Would a masters in physics help someone with a bachelors in Mech. Engineering?

In summary, a BS in engineering is more likely to lead to a job, while a BS in physics is not as helpful.
  • #1
Bigman
27
0
i'm working on my BE in mechanical engineering right now (and I've still got a ways to go) and I'm really interested in the aspects of physics that we don't really get into in the engineering program, so i started toying around with the idea of getting a masters in physics afterwards. i know, i could just go for for a bachelors in physics, but i enjoy the engineering stuff too (especially CAD), and i like the idea of being an engineer, so i was just wondering how much a masters in physics would help me in the job market. thanks :)
 
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  • #2
Have you thought about doing a physics minor and a master's in ME? That seems like it would help you more than a physics master's.
 
  • #3
I doubt that a master's in physics would matter much in a typical mechanical engineering job.

- Warren
 
  • #4
I agree, not very helpful.

Look into the minor, that may satisfy your interests.
 
  • #5
it wouldn't help, eh? hmmm, maybe i'll just learn about this stuff on the side on my own... anyone have any thoughts on how the job market treats people with a bachelors in physics vs a bachelors in engineering; as far as the availability of jobs, and pay?
 
  • #6
Bigman said:
it wouldn't help, eh? hmmm, maybe i'll just learn about this stuff on the side on my own... anyone have any thoughts on how the job market treats people with a bachelors in physics vs a bachelors in engineering; as far as the availability of jobs, and pay?

Those with a BS in engineering find jobs in engineering fairly readily, while those with a BS in physics almost never find jobs doing anything related to physics. (The last statistic I heard was 4%.)

- Warren
 
  • #7
chroot said:
Those with a BS in engineering find jobs in engineering fairly readily, while those with a BS in physics almost never find jobs doing anything related to physics. (The last statistic I heard was 4%.)

- Warren

oh wow... yeah, i think i'll just take some time on the side and learn this stuff on my own. thanks :)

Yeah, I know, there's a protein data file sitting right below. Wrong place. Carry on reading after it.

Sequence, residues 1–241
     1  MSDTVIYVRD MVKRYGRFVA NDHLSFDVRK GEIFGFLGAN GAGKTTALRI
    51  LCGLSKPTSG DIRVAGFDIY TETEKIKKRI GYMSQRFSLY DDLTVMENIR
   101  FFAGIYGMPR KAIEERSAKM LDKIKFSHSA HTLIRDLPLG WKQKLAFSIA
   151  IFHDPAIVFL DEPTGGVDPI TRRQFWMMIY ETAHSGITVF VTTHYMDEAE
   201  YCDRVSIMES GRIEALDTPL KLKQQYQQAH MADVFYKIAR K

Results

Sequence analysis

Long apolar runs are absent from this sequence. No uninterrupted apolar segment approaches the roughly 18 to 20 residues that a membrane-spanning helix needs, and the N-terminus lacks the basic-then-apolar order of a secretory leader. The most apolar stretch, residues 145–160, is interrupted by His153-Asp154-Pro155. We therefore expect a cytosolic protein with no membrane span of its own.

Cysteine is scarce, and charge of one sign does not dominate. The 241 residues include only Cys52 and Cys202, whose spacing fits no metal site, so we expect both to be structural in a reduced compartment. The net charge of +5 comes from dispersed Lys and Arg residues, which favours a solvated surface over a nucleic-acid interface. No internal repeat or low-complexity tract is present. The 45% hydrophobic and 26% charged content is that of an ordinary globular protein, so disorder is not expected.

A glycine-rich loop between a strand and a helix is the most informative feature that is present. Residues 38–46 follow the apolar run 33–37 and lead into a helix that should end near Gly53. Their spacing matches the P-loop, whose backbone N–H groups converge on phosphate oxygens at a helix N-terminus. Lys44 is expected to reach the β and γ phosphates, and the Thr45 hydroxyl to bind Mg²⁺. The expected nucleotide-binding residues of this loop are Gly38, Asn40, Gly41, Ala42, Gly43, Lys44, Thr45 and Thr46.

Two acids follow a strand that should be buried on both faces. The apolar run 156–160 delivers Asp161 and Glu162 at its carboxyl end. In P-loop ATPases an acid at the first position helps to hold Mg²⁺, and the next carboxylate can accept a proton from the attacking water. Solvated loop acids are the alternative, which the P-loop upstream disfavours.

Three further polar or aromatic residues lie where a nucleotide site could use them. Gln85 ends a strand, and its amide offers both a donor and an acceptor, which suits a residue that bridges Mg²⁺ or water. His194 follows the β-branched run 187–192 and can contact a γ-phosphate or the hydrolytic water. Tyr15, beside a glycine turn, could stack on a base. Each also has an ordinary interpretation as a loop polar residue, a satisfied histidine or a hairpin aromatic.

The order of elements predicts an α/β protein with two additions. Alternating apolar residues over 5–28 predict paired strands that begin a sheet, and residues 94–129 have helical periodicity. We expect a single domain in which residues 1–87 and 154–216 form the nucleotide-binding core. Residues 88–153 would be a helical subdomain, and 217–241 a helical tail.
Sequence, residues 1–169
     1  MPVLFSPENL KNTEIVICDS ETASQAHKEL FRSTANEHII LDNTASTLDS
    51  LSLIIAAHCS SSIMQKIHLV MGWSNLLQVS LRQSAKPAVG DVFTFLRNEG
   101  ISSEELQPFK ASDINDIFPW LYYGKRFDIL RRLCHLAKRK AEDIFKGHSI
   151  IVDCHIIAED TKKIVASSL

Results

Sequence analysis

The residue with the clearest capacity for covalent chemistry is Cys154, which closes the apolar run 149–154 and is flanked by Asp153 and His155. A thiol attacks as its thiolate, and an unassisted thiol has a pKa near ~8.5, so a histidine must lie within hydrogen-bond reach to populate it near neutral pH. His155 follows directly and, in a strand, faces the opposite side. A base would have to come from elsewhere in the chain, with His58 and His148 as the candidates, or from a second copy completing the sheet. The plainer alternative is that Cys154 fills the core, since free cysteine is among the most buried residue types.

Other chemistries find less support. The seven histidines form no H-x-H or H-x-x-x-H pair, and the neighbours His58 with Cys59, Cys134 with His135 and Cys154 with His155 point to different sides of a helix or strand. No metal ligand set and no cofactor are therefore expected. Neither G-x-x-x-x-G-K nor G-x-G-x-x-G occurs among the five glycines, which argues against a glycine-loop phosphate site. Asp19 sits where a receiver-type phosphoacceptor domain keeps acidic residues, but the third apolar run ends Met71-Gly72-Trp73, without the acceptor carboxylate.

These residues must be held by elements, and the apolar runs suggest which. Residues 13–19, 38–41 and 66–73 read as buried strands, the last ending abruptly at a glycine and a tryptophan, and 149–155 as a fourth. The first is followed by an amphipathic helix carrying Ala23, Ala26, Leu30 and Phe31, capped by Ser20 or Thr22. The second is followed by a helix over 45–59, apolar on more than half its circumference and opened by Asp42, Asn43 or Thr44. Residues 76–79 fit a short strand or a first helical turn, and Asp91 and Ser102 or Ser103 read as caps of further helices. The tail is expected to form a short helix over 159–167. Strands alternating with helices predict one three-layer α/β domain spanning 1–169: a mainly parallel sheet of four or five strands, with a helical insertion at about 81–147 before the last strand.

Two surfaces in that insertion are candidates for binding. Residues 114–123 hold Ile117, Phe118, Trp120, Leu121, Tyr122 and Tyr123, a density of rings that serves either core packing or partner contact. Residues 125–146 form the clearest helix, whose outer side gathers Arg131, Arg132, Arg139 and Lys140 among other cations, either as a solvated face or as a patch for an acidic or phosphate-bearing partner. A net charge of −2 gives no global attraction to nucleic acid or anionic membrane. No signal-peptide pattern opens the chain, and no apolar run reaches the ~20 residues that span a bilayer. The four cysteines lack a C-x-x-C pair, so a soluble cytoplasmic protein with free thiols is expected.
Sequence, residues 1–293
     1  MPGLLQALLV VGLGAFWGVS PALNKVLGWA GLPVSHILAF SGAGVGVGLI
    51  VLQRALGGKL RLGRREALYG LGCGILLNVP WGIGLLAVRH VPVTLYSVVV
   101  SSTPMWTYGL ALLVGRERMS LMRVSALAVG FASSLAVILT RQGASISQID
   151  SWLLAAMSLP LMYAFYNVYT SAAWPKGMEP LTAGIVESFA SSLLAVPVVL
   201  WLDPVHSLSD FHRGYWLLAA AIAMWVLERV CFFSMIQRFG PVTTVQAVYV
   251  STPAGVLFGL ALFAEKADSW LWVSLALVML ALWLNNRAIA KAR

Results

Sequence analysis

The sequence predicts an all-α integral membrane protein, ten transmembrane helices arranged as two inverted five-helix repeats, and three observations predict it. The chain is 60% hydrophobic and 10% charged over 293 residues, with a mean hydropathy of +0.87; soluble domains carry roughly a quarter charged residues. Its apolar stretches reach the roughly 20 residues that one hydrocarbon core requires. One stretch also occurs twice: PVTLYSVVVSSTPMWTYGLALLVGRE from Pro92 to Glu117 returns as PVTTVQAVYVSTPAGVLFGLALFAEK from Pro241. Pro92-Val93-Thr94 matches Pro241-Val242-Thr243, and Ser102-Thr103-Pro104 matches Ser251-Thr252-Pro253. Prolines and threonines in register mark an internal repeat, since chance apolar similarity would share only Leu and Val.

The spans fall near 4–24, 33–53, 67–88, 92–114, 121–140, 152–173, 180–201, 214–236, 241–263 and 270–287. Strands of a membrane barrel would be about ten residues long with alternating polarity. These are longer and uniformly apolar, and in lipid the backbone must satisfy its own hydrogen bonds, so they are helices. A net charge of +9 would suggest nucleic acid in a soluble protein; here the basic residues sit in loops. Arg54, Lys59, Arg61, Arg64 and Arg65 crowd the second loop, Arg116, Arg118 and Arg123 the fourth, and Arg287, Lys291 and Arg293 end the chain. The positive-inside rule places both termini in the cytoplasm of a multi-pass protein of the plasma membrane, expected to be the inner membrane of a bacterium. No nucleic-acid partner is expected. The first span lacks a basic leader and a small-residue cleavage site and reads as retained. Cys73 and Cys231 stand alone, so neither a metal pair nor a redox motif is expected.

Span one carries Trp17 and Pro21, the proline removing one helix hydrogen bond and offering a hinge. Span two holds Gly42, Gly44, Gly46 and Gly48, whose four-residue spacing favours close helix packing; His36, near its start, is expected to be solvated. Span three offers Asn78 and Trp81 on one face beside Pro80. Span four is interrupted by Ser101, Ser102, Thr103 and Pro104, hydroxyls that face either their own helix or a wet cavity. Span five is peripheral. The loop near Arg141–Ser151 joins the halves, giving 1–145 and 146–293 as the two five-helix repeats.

Related to Would a masters in physics help someone with a bachelors in Mech. Engineering?

1. How will a masters in physics benefit someone with a bachelors in Mechanical Engineering?

A masters in physics can provide a deeper understanding of fundamental principles in the field of mechanics, such as thermodynamics, fluid mechanics, and solid mechanics. This can enhance problem-solving skills and broaden the scope of knowledge in the design and analysis of mechanical systems.

2. Will a masters in physics make me more employable as a mechanical engineer?

Having a masters in physics can make you a more competitive candidate for job opportunities in mechanical engineering. It shows that you have a strong foundation in both theoretical and practical aspects of the field, making you a versatile and valuable asset to potential employers.

3. Can a masters in physics help me specialize in a specific area of mechanical engineering?

Yes, a masters in physics can provide the opportunity to focus on a specific area of interest within mechanical engineering, such as automotive engineering, aerospace engineering, or renewable energy systems. This can lead to more specialized job opportunities and career growth.

4. Is it necessary to have a masters in physics to advance in a career as a mechanical engineer?

While a masters in physics is not necessary for career advancement in mechanical engineering, it can open up new opportunities for higher-level positions and greater responsibility. It can also provide a strong foundation for further education, such as a PhD in mechanical engineering.

5. Are there any disadvantages to pursuing a masters in physics with a background in mechanical engineering?

One potential disadvantage is that a masters in physics may not provide as much hands-on experience in mechanical engineering as a traditional masters in mechanical engineering program. However, this can be offset by gaining practical experience through internships or research projects during the program.

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